VA hired Andrew Tridgell, one of the lead programmers creating the Samba software that lets a Linux computer share files on a Windows network. The software is a key part of products from VA and numerous other companies trying to grab a share of the money spent on special-purpose storage devices such as NAS (network-attached storage) machines.
Tridgell and Allison are members of VA's NAS team, the company said. NAS products are special-purpose servers that add new data storage capacity to an ordinary network. The leader in the market is Network Appliance.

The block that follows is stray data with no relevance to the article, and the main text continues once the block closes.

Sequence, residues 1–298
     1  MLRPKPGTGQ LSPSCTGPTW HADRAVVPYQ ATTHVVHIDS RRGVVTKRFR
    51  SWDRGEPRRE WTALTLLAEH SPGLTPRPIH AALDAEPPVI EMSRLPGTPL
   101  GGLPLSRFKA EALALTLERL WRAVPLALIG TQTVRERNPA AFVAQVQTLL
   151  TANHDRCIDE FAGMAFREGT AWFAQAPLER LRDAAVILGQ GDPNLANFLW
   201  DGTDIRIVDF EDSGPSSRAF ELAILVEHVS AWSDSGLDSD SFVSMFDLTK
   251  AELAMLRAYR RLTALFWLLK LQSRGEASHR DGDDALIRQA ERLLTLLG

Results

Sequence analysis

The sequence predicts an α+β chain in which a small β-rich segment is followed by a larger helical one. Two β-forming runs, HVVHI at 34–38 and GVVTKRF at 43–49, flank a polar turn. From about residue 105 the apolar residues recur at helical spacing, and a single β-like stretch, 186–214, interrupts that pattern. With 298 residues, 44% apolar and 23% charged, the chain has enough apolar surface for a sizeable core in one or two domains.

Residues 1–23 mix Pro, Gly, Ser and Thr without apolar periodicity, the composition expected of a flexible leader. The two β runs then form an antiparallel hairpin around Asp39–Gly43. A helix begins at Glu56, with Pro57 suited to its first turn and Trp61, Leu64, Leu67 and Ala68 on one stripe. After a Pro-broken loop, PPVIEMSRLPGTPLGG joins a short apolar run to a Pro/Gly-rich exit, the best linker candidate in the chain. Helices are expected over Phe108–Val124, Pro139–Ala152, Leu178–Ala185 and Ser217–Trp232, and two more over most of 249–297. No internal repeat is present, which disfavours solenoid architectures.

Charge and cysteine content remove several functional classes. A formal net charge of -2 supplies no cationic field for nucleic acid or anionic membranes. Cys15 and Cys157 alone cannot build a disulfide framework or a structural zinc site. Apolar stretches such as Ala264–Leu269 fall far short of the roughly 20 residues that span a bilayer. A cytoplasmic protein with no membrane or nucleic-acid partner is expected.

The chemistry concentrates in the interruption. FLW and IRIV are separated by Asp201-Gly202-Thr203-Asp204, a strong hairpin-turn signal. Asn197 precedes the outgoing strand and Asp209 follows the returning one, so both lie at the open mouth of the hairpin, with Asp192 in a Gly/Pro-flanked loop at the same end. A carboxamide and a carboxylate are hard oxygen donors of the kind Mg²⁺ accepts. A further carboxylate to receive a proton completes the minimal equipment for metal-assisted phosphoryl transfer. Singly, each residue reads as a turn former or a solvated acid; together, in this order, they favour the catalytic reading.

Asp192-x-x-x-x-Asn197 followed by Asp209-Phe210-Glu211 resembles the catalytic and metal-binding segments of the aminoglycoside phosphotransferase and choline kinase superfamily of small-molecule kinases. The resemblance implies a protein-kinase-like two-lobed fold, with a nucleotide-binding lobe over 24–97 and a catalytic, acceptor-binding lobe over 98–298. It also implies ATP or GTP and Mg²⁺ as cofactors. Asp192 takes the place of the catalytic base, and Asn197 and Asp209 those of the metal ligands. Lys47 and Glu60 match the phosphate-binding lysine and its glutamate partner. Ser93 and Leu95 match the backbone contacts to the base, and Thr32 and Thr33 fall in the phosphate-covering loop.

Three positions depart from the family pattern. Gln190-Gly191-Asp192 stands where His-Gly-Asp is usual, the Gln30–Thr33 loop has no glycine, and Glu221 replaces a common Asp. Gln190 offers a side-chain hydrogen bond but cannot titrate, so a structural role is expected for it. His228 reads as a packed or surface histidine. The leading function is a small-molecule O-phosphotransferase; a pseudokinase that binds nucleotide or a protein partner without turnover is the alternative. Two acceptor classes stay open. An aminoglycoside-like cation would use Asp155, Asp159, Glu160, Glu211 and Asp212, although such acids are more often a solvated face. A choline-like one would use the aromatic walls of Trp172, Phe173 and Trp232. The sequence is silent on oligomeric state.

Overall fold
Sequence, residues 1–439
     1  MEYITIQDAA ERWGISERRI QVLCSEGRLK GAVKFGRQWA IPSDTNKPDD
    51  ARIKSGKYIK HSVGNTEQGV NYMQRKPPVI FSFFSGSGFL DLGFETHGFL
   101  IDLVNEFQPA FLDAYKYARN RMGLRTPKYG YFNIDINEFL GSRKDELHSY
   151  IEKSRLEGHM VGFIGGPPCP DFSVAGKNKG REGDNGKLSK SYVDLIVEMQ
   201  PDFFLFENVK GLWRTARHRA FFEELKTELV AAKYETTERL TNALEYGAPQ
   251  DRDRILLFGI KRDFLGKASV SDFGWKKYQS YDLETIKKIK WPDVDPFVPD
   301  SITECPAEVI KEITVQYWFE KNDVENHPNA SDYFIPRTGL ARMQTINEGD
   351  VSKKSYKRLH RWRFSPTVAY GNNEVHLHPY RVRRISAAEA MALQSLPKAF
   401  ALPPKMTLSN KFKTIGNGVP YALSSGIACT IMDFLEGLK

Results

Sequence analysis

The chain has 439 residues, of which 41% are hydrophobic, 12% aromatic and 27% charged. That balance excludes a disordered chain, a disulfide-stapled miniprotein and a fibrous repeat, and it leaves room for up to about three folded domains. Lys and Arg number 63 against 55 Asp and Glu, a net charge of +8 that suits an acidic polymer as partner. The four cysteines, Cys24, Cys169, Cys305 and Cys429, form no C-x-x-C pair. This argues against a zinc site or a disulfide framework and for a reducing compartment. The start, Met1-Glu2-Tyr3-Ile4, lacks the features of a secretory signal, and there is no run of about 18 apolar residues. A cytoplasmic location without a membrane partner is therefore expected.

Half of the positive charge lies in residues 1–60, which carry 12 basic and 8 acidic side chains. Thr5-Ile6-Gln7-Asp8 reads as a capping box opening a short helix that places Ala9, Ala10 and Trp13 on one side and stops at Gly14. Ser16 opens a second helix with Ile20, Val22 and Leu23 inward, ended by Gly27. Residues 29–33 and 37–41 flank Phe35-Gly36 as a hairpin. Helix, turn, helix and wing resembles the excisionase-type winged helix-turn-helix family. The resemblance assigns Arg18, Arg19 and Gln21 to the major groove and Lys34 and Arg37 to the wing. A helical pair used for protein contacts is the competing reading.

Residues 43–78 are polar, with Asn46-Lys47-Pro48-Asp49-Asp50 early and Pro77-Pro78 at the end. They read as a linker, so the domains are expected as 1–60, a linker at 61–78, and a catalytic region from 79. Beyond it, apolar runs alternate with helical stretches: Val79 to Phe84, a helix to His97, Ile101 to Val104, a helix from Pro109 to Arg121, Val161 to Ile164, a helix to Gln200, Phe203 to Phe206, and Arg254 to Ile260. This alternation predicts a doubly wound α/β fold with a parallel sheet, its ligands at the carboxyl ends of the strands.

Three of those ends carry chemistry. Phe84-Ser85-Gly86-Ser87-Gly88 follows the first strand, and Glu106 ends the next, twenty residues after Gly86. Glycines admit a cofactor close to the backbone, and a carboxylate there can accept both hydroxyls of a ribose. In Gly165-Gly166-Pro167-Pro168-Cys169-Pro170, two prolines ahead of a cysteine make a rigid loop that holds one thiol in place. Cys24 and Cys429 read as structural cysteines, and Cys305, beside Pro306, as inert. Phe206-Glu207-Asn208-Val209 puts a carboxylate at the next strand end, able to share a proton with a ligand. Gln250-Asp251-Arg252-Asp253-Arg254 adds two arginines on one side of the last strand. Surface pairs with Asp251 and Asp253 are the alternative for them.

VA's new NAS system, the 9450, is a 7-inch thick module that has as many as four Pentium III Xeon CPUs. Connecting other storage enclosures can expand the system to a 45.5-inch thick module with 6.6 terabytes of capacity.
A basic 180GB system costs about $30,000, but most customers are gravitating toward systems with 1.5 to 2 terabytes, said Cheryl Sindelar, marketing manager for the product. A popular 1.9-terabyte configuration costs $116,000, she said.
VA also lowered the price on the earlier-generation 9205 NAS system, Sindelar said.